Yorkshire businessman sheltered Jewish family who fled Nazis

  • Published
The Schrotter family with Eric (L) and on their Wedding dayImage source, Leeds City Council
Image caption,
The Schrotters, with Eric in front, and on their wedding day in Vienna

The descendants of a Jewish family who fled the Nazis from Vienna to Leeds are searching for information about the businessman who sheltered them.

The Schrotters - father Siegfried, mother Hedwig and son Eric - were forced to leave their family home in the Austrian capital in 1938.

They were sheltered by Philip Boyle when they arrived in Leeds.

Harriet Stevens, Eric's daughter, is now searching for any of businessman Mr Boyle's surviving family.

Ms Stevens, 61, from Bristol, said: "My grandfather fled Vienna after Kristallnacht in November 1938, when he saw the rounding up of Jews and was forced to hide in a wardrobe while the family home was being ransacked.

"He was a very quiet and reserved man for the rest of his days and his traumatic experiences definitely left a mark on him."

Image source, Leeds City Council
Image caption,
Siegfried Schrotter moved to Leeds just before the outbreak of World War Two

Mr Boyle, a partner in the Boyle and Son hemp company, rescued the Schrotters from almost certain imprisonment and death.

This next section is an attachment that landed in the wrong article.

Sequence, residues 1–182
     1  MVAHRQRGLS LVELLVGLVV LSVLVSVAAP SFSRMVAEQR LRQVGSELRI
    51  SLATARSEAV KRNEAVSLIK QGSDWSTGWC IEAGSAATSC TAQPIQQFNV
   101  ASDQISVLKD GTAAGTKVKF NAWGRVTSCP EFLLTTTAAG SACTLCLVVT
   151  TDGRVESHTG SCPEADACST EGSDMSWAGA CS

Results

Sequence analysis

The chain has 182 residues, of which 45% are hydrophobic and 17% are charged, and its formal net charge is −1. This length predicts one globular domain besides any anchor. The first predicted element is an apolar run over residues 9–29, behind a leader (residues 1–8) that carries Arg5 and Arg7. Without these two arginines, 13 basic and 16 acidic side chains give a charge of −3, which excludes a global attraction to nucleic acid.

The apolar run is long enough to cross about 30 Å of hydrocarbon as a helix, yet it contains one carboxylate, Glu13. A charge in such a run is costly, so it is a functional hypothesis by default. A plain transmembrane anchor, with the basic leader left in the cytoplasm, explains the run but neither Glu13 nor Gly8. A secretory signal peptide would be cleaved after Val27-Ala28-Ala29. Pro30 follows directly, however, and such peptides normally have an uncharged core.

Siegfried Schrotter, who was a hemp company representative, fled to Switzerland and was eventually reunited with his wife and Eric, who was then aged six.

With Europe on the brink of what became World War Two and persecution of Jews escalating the Schrotters had been searching for a way to escape.

The family lived in Mr Boyle's house in Linton, near Wetherby, after reaching England.

It is thought Mr Boyle's intervention also saved two other Jews.

Ms Stevens said: "All but one of my grandmother's five siblings were murdered in the Holocaust and my sisters and I would love to find any living relatives of Philip Boyle to thank him through them for saving my family's lives."

The Schrotters' story is to form part of an exhibition, starting in July, about immigrants from across the world who made a new life in Leeds.

Image source, Leeds City Council
Image caption,
Harriet Stevens and her sisters Jessica Russell and Rachel Stevens with a picture of their grandparents' wedding

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